The Genetics of Political Attitudes and Behavior: Claims and Refutations

Joseph, Jay
November 2010
Ethical Human Psychology & Psychiatry;2010, Vol. 12 Issue 3, p200
Academic Journal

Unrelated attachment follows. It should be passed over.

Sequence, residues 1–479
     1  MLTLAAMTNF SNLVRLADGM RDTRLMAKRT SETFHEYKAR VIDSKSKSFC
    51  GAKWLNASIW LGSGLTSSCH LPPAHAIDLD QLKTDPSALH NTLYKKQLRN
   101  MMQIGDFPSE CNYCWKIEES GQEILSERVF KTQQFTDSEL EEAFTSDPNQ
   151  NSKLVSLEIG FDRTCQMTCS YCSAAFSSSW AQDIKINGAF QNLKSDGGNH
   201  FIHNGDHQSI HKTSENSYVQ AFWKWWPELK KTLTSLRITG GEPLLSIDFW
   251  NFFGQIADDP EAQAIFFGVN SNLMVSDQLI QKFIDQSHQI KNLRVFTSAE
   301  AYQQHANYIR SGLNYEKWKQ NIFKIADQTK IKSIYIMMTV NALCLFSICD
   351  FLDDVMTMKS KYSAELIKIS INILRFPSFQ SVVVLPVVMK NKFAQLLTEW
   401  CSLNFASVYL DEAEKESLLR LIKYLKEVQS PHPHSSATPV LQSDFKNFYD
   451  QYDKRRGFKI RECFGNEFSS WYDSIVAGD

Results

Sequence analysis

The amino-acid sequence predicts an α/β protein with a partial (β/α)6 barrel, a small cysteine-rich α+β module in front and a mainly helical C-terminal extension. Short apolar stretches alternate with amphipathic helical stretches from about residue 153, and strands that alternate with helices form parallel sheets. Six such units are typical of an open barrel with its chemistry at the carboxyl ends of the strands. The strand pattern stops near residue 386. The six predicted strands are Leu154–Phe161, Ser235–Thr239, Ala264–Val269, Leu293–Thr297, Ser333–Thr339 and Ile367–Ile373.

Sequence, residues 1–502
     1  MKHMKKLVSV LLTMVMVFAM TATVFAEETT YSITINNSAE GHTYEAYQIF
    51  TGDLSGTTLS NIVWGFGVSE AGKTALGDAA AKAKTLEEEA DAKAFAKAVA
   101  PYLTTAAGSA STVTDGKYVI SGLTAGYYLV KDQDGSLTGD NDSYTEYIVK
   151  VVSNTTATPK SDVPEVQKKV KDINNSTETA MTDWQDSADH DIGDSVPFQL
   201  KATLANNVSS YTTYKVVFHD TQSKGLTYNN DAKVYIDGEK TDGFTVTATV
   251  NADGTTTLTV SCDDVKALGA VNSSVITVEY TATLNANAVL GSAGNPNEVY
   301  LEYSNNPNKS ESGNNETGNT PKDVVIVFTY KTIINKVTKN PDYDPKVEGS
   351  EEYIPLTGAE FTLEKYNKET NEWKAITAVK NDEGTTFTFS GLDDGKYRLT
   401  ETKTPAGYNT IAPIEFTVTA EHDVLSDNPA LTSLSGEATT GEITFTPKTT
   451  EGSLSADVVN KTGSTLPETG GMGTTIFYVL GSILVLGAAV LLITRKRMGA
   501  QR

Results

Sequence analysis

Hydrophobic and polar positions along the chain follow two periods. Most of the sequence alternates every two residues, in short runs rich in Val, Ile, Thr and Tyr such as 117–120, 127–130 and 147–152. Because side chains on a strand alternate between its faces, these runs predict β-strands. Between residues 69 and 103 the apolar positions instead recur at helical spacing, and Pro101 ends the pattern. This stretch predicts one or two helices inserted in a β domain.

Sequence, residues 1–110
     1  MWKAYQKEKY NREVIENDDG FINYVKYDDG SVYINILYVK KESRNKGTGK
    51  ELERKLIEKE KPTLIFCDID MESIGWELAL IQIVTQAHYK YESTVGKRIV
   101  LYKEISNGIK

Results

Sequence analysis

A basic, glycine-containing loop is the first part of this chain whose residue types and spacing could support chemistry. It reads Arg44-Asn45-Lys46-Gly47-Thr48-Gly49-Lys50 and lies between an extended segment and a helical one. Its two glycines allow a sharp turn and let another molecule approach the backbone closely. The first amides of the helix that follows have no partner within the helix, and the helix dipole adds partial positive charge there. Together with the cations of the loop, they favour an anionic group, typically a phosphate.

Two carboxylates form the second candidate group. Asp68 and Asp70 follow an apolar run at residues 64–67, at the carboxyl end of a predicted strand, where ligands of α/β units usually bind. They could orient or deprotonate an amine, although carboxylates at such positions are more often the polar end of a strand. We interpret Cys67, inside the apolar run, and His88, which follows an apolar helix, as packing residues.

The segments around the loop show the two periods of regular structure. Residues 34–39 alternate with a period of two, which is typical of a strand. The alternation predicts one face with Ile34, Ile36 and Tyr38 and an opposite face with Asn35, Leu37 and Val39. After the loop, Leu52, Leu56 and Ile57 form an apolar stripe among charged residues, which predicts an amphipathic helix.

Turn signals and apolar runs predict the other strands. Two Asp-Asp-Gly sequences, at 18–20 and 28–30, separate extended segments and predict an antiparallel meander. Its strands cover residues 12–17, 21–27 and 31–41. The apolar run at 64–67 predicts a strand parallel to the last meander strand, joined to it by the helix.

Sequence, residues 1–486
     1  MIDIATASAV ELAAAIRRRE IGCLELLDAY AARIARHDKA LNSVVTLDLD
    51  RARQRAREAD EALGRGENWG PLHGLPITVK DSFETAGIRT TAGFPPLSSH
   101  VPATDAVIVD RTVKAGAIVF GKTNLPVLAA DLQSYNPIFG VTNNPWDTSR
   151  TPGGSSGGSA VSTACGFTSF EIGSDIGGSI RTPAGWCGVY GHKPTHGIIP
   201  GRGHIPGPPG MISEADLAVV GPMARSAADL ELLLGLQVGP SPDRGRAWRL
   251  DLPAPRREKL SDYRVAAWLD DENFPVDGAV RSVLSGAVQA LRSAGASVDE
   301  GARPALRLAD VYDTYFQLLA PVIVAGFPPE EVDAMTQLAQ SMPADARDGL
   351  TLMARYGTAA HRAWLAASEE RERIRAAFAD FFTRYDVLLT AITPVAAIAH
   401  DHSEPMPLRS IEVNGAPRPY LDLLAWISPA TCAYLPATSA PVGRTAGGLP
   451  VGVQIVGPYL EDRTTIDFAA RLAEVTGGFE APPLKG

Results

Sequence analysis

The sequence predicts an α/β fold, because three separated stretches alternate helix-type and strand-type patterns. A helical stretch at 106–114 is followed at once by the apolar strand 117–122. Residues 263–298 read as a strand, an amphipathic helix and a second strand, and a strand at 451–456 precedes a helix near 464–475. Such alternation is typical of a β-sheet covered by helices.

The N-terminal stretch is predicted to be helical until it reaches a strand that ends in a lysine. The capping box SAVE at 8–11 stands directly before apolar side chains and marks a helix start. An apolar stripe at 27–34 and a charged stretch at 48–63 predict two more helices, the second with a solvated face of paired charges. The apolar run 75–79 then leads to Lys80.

Some political scientists have argued in recent years that twin research shows that genetic factors play an important role in shaping political attitudes, ideologies, and behavior. Moreover, some researchers claim to have identified genes for political traits at the molecular level. The author argues that the main theoretical assumption of the twin method, which holds that monozygotic and dizygotic twin pairs experience equal environments, is untenable. Therefore, the results of twin studies can be completely explained by nongenetic factors. The author also argues that recent gene discovery claims in political science are unlikely to be replicated. He concludes that because genetic interpretations of twin study results are confounded by environmental factors, political scientists have no reason to revise previous socialization theories of political traits.


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